By William Pauley III
Publisher: Doom Fiction
Pub. Date: August 15, 2016
Rating: 3 & 1/2 out of 5 stars
Have you ever read a brilliant piece of work but came away unsettled? That is how I felt after reading Automated Daydreaming: The Five Lives of Bricker Cablejuice. William Pauley III is clearly a brilliant writer, His words have both complexity and intimacy. They are intelligent and powerful. Yet somewhere along the beautiful sentences the sum doesn't quite equal the parts.
In Automated Daydreaming we are confronted with a grisly crime, the torture and killing a somewhat celebrated person called The Television Man. Shortly afterwards, the man accused of the crime sends the police a letter stating that the tortured man, Bricker Cablejuice, wanted these atrocities to be done to him, is not actually dead, and explains a way that one can not only verify that claim but also tap into his thoughts. The rest of the book involves the thoughts and experiences of Bricker, the five lives that he is living simultaneously, and eventually points to a very troubling possibility regarding reality.
What entails is an almost free association, psychedelic mixture of lives, thoughts, and time blended together. Other writers have done similar things, I am reminded while reading this of Kurt Vonnegut's Slaughterhouse Five and, slightly less so, Dalton Trumbo's Johnny Got His Gun. Pauley's take involves a literal switching of channels that brings in focus various lives, hence the Television Man nickname. But in real life, if one switches channels too quickly it just becomes a jumble of sound and images. I think that is what happens too often here.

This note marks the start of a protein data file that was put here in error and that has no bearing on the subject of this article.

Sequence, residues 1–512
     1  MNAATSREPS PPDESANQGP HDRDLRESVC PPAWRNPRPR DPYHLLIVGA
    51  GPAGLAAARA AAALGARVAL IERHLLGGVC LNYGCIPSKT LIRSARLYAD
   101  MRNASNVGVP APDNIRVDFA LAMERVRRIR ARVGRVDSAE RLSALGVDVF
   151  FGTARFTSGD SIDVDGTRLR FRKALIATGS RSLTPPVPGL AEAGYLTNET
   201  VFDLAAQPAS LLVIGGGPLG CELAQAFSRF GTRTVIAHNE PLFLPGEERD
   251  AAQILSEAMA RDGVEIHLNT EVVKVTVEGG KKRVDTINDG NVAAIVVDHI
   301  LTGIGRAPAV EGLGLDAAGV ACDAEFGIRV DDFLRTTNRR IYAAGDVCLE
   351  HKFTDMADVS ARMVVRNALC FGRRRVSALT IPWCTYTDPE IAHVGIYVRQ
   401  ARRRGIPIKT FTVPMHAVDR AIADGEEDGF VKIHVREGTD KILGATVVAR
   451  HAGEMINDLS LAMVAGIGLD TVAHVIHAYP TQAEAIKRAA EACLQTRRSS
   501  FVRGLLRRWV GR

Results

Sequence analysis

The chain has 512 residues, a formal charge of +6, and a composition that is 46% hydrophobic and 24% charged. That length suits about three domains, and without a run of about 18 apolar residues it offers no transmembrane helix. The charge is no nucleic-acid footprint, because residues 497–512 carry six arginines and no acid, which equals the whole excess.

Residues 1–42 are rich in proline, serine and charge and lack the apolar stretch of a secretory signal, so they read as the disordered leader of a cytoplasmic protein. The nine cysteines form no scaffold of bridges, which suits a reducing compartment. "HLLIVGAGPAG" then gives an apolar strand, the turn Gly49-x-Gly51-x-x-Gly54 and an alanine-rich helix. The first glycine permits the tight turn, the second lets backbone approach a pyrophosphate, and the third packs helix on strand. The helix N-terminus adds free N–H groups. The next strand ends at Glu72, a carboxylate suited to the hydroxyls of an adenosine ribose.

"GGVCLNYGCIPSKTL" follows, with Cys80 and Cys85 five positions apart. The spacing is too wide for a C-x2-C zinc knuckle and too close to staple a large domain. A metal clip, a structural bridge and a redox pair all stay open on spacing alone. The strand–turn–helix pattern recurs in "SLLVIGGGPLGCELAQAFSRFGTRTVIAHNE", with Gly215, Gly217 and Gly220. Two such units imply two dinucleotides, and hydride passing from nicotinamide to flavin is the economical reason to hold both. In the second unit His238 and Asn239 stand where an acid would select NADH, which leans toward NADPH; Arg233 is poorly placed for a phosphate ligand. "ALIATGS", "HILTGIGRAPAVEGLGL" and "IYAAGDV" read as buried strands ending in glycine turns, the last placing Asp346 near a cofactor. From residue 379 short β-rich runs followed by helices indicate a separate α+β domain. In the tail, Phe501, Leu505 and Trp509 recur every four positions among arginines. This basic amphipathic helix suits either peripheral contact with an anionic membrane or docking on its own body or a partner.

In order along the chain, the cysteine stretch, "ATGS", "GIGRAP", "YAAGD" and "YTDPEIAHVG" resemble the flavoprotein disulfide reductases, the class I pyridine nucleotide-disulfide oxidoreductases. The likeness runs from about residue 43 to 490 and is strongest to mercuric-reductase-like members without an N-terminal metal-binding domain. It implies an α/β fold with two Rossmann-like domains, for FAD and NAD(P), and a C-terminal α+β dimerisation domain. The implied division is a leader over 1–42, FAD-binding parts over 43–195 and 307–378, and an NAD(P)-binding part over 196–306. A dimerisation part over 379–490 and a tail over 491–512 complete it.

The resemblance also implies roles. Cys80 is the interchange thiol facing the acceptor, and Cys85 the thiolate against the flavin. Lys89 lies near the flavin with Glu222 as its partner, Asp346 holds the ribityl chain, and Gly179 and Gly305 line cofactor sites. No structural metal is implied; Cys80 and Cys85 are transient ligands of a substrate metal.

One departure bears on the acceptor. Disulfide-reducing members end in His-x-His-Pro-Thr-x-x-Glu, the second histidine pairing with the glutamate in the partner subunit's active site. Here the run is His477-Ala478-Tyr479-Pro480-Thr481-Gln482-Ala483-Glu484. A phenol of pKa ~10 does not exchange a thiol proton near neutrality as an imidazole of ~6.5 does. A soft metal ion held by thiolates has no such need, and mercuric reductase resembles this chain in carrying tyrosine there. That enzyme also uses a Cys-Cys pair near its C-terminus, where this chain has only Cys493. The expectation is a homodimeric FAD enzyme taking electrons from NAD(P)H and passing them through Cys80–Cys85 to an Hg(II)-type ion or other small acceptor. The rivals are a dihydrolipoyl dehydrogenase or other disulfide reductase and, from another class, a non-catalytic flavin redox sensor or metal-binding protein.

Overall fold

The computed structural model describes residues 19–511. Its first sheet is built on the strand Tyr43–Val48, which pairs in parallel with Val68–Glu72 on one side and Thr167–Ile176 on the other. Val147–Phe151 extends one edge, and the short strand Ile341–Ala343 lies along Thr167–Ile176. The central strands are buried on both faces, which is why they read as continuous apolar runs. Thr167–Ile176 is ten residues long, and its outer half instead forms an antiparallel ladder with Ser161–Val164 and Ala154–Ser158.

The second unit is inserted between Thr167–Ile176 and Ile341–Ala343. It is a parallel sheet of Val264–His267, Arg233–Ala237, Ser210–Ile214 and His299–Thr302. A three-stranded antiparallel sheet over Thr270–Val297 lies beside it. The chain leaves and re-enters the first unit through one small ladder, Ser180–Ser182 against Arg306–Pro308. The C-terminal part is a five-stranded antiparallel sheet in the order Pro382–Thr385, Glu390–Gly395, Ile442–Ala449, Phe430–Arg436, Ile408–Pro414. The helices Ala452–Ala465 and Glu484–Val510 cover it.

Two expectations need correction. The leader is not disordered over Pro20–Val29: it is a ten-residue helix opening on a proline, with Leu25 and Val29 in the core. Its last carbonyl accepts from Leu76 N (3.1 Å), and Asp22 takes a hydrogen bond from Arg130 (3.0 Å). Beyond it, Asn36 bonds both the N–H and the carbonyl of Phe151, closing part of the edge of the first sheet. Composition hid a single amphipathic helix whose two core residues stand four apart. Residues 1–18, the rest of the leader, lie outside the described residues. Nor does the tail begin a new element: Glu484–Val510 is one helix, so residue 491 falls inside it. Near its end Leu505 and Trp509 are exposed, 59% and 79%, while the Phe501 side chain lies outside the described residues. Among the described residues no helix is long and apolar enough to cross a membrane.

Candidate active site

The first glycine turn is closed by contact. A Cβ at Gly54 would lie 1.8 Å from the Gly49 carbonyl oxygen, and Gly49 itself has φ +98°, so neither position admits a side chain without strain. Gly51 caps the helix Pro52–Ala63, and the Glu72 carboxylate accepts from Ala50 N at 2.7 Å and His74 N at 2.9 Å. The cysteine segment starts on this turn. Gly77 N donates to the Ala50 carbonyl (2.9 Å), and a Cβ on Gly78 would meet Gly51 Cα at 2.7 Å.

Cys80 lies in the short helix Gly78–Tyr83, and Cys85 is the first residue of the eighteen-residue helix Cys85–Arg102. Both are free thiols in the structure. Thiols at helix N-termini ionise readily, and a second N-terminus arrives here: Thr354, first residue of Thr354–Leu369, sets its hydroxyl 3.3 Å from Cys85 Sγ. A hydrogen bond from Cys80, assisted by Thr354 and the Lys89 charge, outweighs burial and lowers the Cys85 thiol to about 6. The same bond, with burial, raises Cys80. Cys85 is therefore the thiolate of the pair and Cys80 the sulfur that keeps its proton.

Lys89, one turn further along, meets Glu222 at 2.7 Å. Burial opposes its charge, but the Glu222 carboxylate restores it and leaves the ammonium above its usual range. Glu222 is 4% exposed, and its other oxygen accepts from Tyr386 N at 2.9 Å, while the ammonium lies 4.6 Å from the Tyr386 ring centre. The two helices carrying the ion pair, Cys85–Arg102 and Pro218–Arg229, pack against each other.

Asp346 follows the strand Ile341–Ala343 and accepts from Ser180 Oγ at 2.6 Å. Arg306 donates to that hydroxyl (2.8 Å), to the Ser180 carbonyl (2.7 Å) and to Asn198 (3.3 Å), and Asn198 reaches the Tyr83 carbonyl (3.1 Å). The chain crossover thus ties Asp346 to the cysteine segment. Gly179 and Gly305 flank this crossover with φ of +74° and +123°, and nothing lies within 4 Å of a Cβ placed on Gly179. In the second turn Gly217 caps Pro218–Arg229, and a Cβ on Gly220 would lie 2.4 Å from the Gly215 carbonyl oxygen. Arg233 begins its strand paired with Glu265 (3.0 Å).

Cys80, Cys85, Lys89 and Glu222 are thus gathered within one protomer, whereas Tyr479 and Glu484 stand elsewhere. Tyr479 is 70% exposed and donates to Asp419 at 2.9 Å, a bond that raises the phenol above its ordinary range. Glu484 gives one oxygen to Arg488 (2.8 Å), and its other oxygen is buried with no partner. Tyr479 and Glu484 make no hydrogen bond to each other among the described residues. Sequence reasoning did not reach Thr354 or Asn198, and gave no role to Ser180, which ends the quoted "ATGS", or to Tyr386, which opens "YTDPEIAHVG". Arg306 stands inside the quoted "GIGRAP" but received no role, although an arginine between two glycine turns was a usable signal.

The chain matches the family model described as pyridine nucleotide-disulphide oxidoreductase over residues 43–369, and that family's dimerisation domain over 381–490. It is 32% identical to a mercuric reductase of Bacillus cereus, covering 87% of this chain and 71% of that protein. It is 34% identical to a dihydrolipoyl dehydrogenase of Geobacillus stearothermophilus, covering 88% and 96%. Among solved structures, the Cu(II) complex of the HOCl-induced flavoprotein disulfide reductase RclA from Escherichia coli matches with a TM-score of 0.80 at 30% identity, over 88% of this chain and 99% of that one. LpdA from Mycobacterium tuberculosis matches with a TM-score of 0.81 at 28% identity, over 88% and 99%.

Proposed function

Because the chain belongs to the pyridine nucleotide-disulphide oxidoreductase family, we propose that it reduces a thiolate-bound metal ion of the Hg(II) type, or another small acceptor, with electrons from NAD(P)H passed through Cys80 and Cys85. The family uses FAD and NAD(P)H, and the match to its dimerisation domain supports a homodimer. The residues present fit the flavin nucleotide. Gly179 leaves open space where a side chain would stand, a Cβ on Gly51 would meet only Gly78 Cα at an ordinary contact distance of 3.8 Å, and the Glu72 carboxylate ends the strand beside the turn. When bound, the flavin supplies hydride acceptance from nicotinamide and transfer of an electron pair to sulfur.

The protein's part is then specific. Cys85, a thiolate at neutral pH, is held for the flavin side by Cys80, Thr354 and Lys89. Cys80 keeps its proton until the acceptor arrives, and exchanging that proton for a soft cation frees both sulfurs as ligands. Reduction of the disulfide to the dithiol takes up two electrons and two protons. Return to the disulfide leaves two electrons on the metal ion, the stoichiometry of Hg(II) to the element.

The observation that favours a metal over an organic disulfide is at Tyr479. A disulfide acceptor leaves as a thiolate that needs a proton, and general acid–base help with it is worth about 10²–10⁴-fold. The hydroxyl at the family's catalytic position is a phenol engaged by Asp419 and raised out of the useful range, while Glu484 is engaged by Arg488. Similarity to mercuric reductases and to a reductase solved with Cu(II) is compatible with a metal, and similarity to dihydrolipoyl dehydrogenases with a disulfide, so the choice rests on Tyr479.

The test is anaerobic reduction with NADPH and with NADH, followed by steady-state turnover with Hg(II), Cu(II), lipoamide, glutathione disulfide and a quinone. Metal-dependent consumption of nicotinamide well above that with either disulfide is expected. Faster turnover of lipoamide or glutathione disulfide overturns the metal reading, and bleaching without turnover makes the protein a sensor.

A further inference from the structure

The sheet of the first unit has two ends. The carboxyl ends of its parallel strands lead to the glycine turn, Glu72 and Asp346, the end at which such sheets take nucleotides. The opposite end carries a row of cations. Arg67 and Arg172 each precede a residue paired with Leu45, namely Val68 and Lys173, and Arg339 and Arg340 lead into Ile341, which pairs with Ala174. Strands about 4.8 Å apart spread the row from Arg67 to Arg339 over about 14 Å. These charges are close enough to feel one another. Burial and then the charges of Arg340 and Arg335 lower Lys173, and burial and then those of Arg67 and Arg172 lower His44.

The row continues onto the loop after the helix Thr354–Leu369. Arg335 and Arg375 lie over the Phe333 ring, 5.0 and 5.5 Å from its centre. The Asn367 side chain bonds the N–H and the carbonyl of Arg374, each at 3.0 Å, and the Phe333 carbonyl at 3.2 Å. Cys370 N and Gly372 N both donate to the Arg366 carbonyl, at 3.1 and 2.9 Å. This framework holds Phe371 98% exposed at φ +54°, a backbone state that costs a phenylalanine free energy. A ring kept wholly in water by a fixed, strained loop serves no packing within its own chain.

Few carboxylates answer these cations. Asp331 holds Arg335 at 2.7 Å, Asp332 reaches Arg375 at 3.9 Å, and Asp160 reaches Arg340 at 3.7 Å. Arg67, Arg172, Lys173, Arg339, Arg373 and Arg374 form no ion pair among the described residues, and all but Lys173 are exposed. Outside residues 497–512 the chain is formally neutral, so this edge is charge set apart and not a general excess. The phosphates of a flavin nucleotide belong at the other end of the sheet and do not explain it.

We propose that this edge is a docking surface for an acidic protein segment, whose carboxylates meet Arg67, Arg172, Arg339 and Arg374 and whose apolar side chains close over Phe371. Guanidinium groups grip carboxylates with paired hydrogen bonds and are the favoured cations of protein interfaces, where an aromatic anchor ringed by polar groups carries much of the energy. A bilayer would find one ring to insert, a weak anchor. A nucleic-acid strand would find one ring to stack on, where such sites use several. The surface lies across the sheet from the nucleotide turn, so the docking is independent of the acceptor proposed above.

I am told that this book was originally five different short stories that were published previously but originally written to eventually come into existence as this novel. If that is true, it makes sense. I especially loved the segment about the mermaids and found it the most moving part of the book. Yet when the stories are placed together as one, it just doesn't equal the brilliance of the parts. I think it gets lost in the complexity of the idea.
William Pauley III is a writer to watch out for. But I think I would have preferred to read these stories separately than in this intricate but disorienting work. It is still excellent and I do recommend it, hence the wavering over 3 & 1/2 vs 4 stars. It is a challenging novel to read, which is a plus by the way, and takes a commitment despite the relatively short under 200 pages length. If one is willing to do that, it is worth the reading and, most importantly, will lead the reader to wonder what else this skillful writer can throw at us.